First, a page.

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The 100 000 Genomes Project: What it means for paediatrics
  1. Blanche H Griffin1,
  2. Lyn S Chitty1,2,
  3. Maria Bitner-Glindzicz1,2
  1. 1North Thames NHS Genomic Medicine Centre, Great Ormond Street NHS Foundation Trust, London, UK
  2. 2Genetics and Genomic Medicine, UCL Great Ormond Street Institute of Child Health, London, UK
  1. Correspondence to Professor Lyn Chitty, North-East Thames Regional Genetics Laboratory, 5th Floor, Barclay House, 37 Queen Square, London WC1N 3BH, UK; l.chitty{at}ucl.ac.uk

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The 100 000 Genomes Project is a unique, national programme combining research and transformation of clinical care, by undertaking whole genome sequencing (WGS) in patients with rare diseases and cancer. Made possible by technological advances in next-generation sequencing1 and falling costs, this project aims to find the genes which cause a patient's rare disease and identify genetic changes which occur in the tumour of a child or adult with cancer, to understand the mechanism of disease and develop therapies to personalise treatment. Patients are recruited through the National Health Service (NHS) and their medical course is tracked for life through their NHS number with results fed back through routine NHS services. It will also lay the foundations for a new ‘genomic medicine’ service for the NHS.2 The project is coordinated by Genomics England, with participants enrolled through one of 13 NHS Genomic Medicine Centres (figure 1), covering all of England. Unlike genome projects in other countries3 that have yielded information on variants associated with common diseases and ancestry, the scale of the 100 000 Genomes Project is much greater. The ability to track long-term outcomes through the patients' NHS number provides a unique opportunity to link genomic and phenotypic data to hospital admissions (via hospital episode statistics) as well as lifelong response to interventions and treatments.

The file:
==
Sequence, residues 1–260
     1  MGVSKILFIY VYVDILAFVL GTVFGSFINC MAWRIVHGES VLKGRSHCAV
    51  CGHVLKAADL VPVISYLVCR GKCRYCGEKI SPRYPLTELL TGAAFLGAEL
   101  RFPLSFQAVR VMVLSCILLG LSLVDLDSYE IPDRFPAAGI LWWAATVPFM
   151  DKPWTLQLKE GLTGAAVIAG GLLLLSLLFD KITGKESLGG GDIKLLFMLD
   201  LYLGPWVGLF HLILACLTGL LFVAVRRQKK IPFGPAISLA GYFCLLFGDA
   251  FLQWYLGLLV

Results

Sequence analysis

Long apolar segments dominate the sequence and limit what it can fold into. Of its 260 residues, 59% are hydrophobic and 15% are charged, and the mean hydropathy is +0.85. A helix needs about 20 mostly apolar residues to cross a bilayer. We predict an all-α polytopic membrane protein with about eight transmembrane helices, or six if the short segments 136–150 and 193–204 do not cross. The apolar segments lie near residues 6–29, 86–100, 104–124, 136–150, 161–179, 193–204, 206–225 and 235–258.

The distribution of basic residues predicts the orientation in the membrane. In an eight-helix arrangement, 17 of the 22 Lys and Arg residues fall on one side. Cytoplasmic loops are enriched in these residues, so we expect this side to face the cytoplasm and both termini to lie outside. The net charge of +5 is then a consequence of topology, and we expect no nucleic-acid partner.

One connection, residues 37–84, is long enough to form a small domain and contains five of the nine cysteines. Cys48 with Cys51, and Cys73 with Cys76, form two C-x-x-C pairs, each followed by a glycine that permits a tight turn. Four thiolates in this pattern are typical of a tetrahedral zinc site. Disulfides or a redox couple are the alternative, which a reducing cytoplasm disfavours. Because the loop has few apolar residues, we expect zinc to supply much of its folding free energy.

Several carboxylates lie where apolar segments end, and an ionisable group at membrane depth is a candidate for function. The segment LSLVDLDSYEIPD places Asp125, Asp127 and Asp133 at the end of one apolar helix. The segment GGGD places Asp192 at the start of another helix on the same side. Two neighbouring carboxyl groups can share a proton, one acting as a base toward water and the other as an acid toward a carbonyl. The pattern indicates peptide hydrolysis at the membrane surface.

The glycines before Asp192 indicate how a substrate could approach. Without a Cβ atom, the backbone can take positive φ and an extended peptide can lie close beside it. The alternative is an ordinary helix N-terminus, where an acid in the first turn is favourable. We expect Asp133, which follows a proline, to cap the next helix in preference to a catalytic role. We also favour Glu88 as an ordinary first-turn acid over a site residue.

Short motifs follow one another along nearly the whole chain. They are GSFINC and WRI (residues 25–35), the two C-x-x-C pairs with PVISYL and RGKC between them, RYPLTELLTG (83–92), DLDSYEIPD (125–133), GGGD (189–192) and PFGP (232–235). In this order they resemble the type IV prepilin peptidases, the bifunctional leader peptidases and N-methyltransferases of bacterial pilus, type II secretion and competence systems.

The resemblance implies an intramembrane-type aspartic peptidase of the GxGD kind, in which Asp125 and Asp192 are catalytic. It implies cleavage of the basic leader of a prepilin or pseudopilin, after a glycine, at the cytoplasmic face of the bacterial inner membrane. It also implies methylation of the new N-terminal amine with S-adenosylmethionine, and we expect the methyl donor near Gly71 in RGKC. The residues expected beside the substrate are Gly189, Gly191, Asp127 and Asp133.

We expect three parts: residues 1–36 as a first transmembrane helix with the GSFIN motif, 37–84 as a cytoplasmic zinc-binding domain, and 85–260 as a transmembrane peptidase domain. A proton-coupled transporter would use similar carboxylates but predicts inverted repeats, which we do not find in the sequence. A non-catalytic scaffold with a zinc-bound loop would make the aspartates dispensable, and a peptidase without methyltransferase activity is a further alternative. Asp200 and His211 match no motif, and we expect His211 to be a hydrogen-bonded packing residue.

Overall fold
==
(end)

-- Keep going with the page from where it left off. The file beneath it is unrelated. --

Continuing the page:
Figure 1

Schema showing pathway from patient recruitment to results. Note the need for interaction between clinicians, scientists and geneticists working in multidisciplinary teams to deliver this new genomic medicine service. More detailed information can be found on the Genomics England website.2 GMC, Genomics Medicine Centre; GeL, Genomics England; MDT, multidisciplinary team meeting including clinical scientists, clinical geneticists and referring clinicians).

Which children are eligible and how to refer?

Many children with a rare disease but no known underlying cause are eligible. A local clinical geneticist …

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